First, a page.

Dependency
r −0.23 −0.078 −0.026 −0.112 0.118 −0.051
P value 0.2509 0.6954 0.8960 0.5760 0.5550 0.7696
Driving
r −0.114 0.145 −0.079 −0.354 −0.083 −0.183
P value 0.6485 0.5629 0.7517 0.1566 0.7409 0.4651
Color vision
r 0.222 0.044 0.294 −0.018 −0.073 −0.103
P value 0.2662 0.8267 0.1414 0.9284 0.7167 0.6076
Peripheral vision
r −0.007 −0.151 −0.271 −0.262 −0.142 −0.088
P value 0.9723 0.4501 0.1748 0.1894 0.4777 0.6617
Composite score
r −0.24 0.157 −0.161 −0.339 −0.088 −0.552
P value 0.2304 0.4326 0.4213 0.0901 0.6604 0.0058‡
Discussion
Previous studies have reported that the BCVA continued to improve for up to 2.0 to 2.4 years after ERM removal 18,19 ; better BCVA compared with preoperatively was achieved in 43%, 54%, and 60% of eyes during 6 to 12 months, 1 to 2 years, and 2 to 3 years, respectively, after ERM removal, whereas cataracts progressed after vitrectomy occurred in 57% of phakic eyes. 9 Metamorphopsia, one of the main symptoms of an ERM, also improved at 3 months or later after ERM removal, which was assessed using the Amsler chart, 16 M-Charts, 17 Sine Amsler charts, 21 and scanning laser ophthalmoscopy. 22 Other studies have reported that the CMT decreased for several months after surgery but did not change thereafter. 18,23 Thus, improvements in visual functions and anatomy, especially VA and metamorphopsia after surgical removal of an ERM, can continue for longer than 3 months and reach the best values at about 1 year. These results agreed well with the results of the current study (Table 1). 
Vitrectomy resulted in improved VFQ-25 composite scores, and 3 of 12 subscales significantly improved at 3 months postoperatively (Table 2). Previous studies have shown that the postoperative composite score and other subscales significantly improved for 3 or 4 months postoperatively. 16,17 According to these and the current findings, vitrectomy performed to remove an ERM improved the VR-QOL. To the best of our knowledge, however, no report has evaluated using the VFQ-25 to assess the VR-QOL in patients with an ERM later than 4 months after surgery. In the current study, we found that most subscales at month 12 were higher than at month 3 and that the composite score and 5 of 12 subscales at month 12 significantly improved from baseline. 
In the current study, we performed cataract surgery combined with vitrectomy in all phakic eyes (85% of subjects); thus, cataract surgery might affect the postoperative improvement in the BCVA at month 3. Previous studies have reported that cataract progression is a reason for the absence of a VA improvement after ERM surgery. 10,16,24 Accordingly, the combination surgery allowed us to evaluate the effect of ERM removal itself on visual functions and VR-QOL for a longer-term follow-up. Actually, further improvement in the BCVA was observed at month 12 compared with month 3; this occurred because of further improvement in the metamorphopsia score after month 3 and was very likely a direct effect of ERM removal.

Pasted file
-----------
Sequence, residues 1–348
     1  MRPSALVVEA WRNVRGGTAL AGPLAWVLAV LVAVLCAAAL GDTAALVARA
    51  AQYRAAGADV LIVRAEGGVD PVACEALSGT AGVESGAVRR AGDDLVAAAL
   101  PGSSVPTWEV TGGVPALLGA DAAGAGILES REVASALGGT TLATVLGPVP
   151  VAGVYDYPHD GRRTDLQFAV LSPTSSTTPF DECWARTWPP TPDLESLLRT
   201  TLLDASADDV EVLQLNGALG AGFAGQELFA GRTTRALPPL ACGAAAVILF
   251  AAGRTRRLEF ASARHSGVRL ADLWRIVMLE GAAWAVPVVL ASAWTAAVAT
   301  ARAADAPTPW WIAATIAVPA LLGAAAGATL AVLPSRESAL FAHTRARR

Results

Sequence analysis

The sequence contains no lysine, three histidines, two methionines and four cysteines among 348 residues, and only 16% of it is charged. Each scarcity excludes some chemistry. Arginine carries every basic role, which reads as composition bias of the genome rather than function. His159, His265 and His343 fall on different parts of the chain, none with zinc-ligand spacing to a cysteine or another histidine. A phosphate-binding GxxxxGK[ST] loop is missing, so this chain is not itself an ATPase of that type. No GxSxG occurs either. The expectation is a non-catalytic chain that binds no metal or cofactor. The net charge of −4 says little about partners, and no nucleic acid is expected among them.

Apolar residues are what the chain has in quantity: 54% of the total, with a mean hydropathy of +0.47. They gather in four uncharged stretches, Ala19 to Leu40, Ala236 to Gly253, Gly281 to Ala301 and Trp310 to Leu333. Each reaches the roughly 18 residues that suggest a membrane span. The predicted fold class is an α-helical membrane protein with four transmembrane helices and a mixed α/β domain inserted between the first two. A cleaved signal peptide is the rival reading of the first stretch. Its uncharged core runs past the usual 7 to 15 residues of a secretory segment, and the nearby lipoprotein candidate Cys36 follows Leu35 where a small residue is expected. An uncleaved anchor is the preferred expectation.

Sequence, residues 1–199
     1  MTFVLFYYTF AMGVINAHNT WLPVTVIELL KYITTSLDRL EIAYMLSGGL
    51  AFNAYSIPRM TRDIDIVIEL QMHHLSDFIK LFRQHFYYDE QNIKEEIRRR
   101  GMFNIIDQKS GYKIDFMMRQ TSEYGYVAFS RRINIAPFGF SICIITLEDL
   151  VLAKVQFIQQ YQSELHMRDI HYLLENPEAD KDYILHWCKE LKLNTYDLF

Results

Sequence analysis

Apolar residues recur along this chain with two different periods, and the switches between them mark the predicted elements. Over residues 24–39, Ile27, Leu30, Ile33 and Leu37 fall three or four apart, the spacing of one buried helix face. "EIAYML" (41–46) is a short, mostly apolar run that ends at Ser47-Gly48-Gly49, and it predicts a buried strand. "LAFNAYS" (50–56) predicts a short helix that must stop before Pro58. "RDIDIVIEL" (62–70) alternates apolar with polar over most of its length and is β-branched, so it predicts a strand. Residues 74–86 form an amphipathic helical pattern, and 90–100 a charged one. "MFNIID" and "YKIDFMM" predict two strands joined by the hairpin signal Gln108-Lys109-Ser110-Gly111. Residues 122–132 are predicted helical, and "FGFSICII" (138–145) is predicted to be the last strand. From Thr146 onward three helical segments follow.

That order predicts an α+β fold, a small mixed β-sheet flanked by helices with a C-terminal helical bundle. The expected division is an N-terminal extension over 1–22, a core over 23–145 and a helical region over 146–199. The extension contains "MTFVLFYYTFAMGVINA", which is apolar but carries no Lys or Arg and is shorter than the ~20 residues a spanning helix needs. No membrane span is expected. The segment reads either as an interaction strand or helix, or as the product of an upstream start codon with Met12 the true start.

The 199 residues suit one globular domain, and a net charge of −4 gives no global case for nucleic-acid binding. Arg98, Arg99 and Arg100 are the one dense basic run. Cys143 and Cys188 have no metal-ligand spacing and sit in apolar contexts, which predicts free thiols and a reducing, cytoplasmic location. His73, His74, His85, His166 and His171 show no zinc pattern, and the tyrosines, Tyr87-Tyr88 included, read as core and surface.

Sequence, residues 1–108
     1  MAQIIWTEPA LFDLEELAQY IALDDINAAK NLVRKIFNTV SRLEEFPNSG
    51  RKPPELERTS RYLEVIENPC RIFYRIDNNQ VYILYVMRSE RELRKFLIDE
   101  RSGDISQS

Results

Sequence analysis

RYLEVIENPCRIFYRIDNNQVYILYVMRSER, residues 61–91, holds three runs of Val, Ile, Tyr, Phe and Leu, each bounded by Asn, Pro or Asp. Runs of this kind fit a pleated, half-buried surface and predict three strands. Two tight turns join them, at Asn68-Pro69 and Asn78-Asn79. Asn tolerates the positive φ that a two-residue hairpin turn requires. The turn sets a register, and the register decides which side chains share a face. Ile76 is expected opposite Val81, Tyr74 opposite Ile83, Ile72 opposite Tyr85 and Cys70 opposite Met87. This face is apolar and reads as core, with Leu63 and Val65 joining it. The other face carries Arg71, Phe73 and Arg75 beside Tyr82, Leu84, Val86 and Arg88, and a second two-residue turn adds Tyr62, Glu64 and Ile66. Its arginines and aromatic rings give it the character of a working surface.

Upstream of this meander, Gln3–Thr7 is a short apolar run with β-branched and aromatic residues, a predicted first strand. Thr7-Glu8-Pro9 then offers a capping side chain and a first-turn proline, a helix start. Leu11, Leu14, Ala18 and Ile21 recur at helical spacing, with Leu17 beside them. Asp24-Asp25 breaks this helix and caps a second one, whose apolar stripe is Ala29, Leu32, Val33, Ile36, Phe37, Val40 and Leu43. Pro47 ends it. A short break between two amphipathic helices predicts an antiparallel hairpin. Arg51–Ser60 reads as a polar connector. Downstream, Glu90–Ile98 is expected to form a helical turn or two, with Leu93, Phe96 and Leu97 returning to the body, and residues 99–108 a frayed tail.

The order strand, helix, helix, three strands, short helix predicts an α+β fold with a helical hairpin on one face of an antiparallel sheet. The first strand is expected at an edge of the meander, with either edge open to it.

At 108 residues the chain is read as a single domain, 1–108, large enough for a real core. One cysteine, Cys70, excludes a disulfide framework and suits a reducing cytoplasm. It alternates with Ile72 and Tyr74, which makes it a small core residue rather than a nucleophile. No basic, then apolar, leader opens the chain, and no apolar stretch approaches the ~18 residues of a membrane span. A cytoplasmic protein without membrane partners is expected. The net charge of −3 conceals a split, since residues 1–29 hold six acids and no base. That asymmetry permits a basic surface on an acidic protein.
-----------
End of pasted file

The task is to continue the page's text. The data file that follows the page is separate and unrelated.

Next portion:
In the current study, although the metamorphopsia score improved, the change in the composite score was not correlated with the change in metamorphopsia at month 3. Ghazi-Nouri et al. 16 also did not find a significant association between the VFQ-25 composite score and metamorphopsia at month 4; however, Okamoto et al. 17 reported a significant correlation between changes in the VFQ-25 composite score and changes in the severity of the metamorphopsia. Whereas Ghazi-Nouri et al. 16 used the Amsler chart to assess metamorphopsia (as in the current study), Okamoto et al. 17 used M-Charts (Inami & Co., Ltd., Tokyo, Japan), a quantitative evaluation of metamorphopsia that measures the minimal visual angle of the dotted line at which patients aware of metamorphopsia. Thus, the difference in methodology may explain the discrepancy. The current study, however, found the most significant correlation between the changes in the composite score and the changes in the metamorphopsia score at month 12. During the same period, the changes in metamorphopsia were significantly correlated with changes in 3 of 12 subscales. Although the improvement in the BCVA was even more evident than the improvement in the metamorphopsia score at month 12, no significant correlation was observed between changes in the BCVA and changes in any VFQ scores. Taken together with the previous studies, the current findings suggested that among the visual function and anatomic parameters, the improvement in metamorphopsia, even if its improvement was smaller than the improvements of other parameters, was associated most strongly with the improved VR-QOL achieved in patients who underwent vitrectomy to remove an ERM.